Boasting of every achievement, real or imagined, as if you deserve a Nobel Prize? Check. Total disregard for others’ feelings and concerns? Check. Needing to be the most successful, fascinating and special person in any room you grace with your presence? Check, check, check.
Congratulations, you may be a narcissist … and if so, you’re also more likely to be a dude, according to Dr. Emily Grijalva, a professor at the University at Buffalo School of Management. She just released a three-year review, the first of its kind, that compiles research from half a million subjects, many of them college students.
With what must have been a tremendous tolerance for inflated egos, the researchers examined some of humanity’s least-attractive characteristics — manipulativeness, self-absorption, aggression and arrogance among them — and looked at how people responded to statements that included “If I ruled the world, it would be a much better place” and “I know that I am good because everyone keeps telling me so.”
They then qualified “narcissism” according to three facets: entitlement, leadership/authority and grandiose/exhibitionism. Men scored measurably higher than women in the first two categories and were more likely to agree with phrases like “I like having authority over people” and “I insist upon getting the respect that is due to me.” They were also more likely to exploit others and to believe that they were entitled to special privileges. But there was hardly any deviation between the two genders in the grandiose/exhibitionism category, which includes qualities like vanity and self-absorption.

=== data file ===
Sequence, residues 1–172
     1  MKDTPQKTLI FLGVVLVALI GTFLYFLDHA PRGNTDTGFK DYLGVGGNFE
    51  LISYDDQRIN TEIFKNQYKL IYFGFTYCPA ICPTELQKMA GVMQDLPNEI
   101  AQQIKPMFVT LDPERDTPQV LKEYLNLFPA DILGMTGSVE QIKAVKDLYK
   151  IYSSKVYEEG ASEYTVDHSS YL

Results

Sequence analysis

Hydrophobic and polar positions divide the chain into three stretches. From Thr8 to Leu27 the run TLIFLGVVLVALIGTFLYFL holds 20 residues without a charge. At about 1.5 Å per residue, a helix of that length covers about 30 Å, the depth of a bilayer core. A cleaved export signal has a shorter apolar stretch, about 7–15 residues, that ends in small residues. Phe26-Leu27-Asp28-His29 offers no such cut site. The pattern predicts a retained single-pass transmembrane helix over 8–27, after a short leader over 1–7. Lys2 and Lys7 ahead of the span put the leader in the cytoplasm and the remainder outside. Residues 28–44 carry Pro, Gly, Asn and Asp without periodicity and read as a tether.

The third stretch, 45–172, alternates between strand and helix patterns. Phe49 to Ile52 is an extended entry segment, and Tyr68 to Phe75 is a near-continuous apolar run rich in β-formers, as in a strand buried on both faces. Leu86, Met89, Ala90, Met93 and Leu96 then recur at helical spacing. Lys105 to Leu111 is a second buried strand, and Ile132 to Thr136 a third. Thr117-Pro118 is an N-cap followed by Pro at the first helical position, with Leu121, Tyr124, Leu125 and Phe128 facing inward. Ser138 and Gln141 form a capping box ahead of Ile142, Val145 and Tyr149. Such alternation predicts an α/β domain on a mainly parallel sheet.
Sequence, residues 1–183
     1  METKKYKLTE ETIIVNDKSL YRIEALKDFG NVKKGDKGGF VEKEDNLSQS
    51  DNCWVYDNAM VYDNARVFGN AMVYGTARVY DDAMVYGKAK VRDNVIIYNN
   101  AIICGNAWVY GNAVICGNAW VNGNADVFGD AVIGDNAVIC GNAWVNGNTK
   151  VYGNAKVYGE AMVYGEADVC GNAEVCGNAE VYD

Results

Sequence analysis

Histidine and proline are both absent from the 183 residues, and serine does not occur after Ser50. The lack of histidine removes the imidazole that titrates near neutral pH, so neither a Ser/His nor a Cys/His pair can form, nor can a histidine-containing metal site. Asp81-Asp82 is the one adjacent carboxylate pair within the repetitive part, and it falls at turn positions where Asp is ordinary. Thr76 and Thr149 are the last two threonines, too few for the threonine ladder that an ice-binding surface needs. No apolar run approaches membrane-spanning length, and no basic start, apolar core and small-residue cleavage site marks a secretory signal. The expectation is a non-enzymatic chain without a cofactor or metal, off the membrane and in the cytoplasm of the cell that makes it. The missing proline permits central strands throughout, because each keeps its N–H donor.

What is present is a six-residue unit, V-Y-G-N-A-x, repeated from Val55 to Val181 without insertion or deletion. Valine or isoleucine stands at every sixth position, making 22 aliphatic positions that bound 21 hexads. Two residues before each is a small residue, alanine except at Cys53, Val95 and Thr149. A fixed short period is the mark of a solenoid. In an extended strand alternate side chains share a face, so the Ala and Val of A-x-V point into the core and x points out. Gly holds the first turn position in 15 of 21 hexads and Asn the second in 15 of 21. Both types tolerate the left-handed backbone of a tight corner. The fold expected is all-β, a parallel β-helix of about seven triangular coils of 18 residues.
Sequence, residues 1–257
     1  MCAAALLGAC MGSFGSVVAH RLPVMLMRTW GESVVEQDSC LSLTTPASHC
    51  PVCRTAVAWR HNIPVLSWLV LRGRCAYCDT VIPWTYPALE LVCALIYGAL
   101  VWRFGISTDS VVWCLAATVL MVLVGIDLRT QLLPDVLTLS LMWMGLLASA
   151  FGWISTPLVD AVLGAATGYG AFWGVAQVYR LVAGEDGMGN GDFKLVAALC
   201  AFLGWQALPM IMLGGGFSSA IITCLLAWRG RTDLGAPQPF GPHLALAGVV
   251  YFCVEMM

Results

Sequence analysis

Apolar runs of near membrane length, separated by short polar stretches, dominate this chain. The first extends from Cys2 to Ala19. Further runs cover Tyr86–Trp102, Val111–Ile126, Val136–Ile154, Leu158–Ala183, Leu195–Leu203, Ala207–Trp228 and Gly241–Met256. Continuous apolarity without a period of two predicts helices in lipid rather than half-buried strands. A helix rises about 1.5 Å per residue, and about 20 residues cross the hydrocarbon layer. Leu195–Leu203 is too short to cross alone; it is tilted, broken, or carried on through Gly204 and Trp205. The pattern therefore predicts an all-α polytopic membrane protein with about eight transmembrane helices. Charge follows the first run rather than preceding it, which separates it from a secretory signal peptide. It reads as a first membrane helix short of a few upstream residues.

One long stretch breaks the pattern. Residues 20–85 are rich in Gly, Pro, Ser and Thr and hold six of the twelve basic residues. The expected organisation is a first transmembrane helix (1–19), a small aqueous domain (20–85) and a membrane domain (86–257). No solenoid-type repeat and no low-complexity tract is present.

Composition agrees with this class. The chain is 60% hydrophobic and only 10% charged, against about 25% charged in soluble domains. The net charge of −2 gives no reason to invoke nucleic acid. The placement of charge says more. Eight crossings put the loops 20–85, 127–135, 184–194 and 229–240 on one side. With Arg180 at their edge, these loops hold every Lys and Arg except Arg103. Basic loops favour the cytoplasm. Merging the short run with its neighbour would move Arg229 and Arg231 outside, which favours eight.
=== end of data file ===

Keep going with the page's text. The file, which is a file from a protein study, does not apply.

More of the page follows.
Higher levels of narcissism have been a helpful adaptation for men, the study said, boosting their self-esteem and emotional stability and making them more likely to take on leadership roles. But it has its drawbacks.
“Narcissism is associated with various interpersonal dysfunctions, including an inability to maintain healthy long-term relationships, unethical behaviour and aggression,” lead author Emily Grijalva, a professor at the University of Buffalo, said in a news release. The study doesn’t tell us anything we didn’t already assume, but it is the first systematic review to back up the magnitude of gender stereotypes with actual data, according to Grijalva. It also looks into why those stereotypes exist in the first place.
“Individuals tend to observe and learn gender roles from a young age, and may face backlash for deviating from society’s expectations,” Grijalva said. “In particular, women often receive harsh criticism for being aggressive or authoritative, which creates pressure for women, more so than for men, to suppress displays of narcissistic behaviour.”
Stereotypes about the way men and women exhibit entitlement and leadership can be self-perpetuating, the study argued. For example, women score lower on the leadership/authority facet, meaning that they are less likely to wind up in leadership roles. But the resulting lack of female leaders could then reinforce the idea that women are worse leaders and less authoritative, pushing women to suppress those aspects of themselves to conform to gender expectations.
“For a woman who has deeply internalized a feminine gender identity, endorsing gender-stereotypical occupational preferences might be a mechanism used to avow her femininity to herself and to others,” the study said. The study did include one piece of good news: Neither female nor male college students are any more narcissistic now than they were in 1990.